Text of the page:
[stgt] Max Sessions per Target

Bruno Condez bcondez at riotgames.com
Thu Jan 24 04:42:56 CET 2013

Hi Ronnie,

The original iPXE session does stay ESTABLISHED even after OS kernel take
over and after OS shutdown. Netstat confirms.
When I shutdown the OS, the OS kernel connections go into FIN_WAIT (as
expected) and clear shortly after. But the original iPXE ones just hang
around ESTABLISHED like leaches.

Tgt shows the iPXE session active but with 0 Connections; while the OS
kernel session show with 1 connections.
So, tgt does realize some sessions have 0 connections (not sure if it's
tgt who detects this or iPXE who reports closing the connection (but not
the session)).
Though, would it maybe be possible to reap sessions that have 0 active
connections? Or maybe there are specific reasons why you don't do it?

TCP Keepalives although useful for cleanup, I'm not sure if think they
will work for my setup.
Here's my thoughts: During boot phase, iPXE creates a session, then a
connection and then presents the LUN to the computer, which will boot from
A few seconds later, OS kernel takes over and establishes a new session.
At this point in time there are 2 sessions in the same target (OS with one
active connection and iPXE with 0 active connections). So I would still
need to use your patch of allowing only 2 sessions.
Now we assume TCP Keepalive is configured and eventually kicks in to
successfully clean the stale iPXE session. At this pint OS is booted,
running and only one iscsi session exists on the target (TCP Keepalive
just cleared out the stale iPXE).
Because I had to allow 2 sessions into the same target nothing prevents
another user from booting the same target. iPXE for that user would create
a session (which would succeed cause of the 2 limit) and the OS starts to
boot; granted the OS kernel iSCSI session will hang (cause it would trying
to establish a 3rd session) but at this point the OS *might* have already
written data to the LUN from the iPXE session.

I also noticed during my testing that booting the same LUN from different
computers crashes (segfault) tgtd; not always immediately but never more
than a couple of minutes.
Not saying this is specifically an issue; just mentioning more as FYI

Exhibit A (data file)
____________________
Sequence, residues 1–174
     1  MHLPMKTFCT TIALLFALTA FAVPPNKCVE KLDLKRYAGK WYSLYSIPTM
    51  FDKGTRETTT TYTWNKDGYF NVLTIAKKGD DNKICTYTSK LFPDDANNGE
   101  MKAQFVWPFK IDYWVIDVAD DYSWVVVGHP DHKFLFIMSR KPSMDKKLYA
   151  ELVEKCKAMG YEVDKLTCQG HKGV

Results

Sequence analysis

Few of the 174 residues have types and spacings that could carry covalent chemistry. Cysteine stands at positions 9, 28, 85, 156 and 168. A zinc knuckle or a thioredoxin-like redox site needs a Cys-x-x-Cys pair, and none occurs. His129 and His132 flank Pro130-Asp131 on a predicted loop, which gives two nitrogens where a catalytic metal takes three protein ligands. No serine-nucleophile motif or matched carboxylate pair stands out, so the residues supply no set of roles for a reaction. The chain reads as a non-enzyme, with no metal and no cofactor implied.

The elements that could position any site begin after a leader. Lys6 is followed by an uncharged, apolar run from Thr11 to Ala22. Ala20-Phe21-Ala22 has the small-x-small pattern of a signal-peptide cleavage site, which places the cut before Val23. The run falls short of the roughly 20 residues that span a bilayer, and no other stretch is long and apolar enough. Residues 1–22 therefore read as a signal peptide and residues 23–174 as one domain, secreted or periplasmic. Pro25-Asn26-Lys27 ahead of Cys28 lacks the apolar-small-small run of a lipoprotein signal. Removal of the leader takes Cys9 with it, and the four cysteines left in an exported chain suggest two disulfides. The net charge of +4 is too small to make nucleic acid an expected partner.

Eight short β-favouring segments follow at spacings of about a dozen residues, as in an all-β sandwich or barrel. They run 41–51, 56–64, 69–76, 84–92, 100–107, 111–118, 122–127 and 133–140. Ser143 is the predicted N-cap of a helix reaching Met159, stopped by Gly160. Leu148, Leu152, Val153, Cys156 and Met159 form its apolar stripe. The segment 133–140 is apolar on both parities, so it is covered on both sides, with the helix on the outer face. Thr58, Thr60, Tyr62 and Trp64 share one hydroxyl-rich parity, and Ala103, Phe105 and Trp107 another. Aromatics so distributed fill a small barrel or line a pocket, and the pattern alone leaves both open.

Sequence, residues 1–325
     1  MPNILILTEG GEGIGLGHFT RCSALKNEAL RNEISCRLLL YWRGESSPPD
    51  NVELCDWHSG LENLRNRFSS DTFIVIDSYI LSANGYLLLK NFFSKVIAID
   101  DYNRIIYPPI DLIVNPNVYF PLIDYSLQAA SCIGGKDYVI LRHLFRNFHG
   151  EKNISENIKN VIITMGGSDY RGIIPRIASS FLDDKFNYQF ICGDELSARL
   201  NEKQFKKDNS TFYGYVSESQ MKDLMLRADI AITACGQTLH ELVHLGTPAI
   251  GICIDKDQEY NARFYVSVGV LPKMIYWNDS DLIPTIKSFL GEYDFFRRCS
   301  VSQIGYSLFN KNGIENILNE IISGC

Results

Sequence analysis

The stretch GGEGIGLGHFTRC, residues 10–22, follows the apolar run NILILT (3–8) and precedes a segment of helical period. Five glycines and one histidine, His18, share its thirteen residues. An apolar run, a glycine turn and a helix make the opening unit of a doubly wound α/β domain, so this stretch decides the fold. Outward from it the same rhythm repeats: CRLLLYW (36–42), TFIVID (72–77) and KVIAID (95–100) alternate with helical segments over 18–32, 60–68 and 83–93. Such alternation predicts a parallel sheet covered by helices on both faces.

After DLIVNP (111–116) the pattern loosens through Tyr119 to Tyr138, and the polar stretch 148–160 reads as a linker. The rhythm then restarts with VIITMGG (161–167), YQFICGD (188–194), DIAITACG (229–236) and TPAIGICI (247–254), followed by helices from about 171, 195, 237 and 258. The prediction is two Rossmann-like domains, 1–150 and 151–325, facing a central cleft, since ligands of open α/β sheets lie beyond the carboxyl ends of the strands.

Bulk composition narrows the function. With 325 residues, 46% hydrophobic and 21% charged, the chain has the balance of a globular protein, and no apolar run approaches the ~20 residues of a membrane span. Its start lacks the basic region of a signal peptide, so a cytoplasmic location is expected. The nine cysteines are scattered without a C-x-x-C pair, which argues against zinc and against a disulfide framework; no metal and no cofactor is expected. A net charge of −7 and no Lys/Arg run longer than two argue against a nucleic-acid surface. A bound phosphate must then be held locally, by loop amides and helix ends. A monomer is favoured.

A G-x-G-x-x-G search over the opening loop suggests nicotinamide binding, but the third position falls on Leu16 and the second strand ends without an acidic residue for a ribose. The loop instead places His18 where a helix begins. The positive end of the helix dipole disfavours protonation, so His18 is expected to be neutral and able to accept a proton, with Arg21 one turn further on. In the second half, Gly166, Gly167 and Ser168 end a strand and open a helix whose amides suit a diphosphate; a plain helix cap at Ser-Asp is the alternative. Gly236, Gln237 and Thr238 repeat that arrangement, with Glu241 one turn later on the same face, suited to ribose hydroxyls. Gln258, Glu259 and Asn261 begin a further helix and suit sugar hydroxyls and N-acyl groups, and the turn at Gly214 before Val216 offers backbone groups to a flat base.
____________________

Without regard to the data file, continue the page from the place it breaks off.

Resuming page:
(though you guys are probably aware of that).

If tgtd crashes all hell breaks loose. So, i ended up leveraging an iPXE
functionality of chainloading iSCSI boot from an http cgi script, to
control/prevent same target boot.
Basically, iPXE hits an http cgi script and sends it's iSCSI boot
information. That cgi script will then check via tgtadm if there are
already established connections to that target (by using --mode conn and
greping for Connections: 1 ). If there are active connections, boot from
that target is refused.
Basically, I just added an upper layer to tgt to control/prevent booting
the same target. Since I went this way, I ended up pimping the cgi script
to auto-provision targets&luns via tgtadm on-the-fly (and the disk volumes
in lvm) so I don't have to do that manually.

Having this sanity check (disallow booting the same lun) in tgt as an
option would still be preferred has tgt is the ultimate source for this;
tgt tracks all this info better than any script.
Personally, I do see value with the above has a last line of defense for
any misconfigurations (I can see sysadmins configuring new targets to boot
new servers then mistakenly fat-fingering something and suddenly a new
server boots a live LUN for another server).

For now, my cgi wrapper will do the trick.

I will still be available for testing if you do end-up implementing "1"
(NOPs). Or if you need me to collect information from my setup or
replicate the issue.

Lastly, I do appreciate the help, insight and suggestions you provided
Ronnie. They were most useful.


On 1/23/13 7:47 AM, "ronnie sahlberg" <ronniesahlberg at gmail.com> wrote:

>So the patch did compile and work, that is one step towards solving
>your use case at least.
>So the original session from iPXE remains dormant in TGTD even after
>you reboot the client ?
>That sounds like the iPXE just abandons the iscsi session once the
>kernel takes over using its own
>kernel iscsi session  without logging out or tearing down the tcp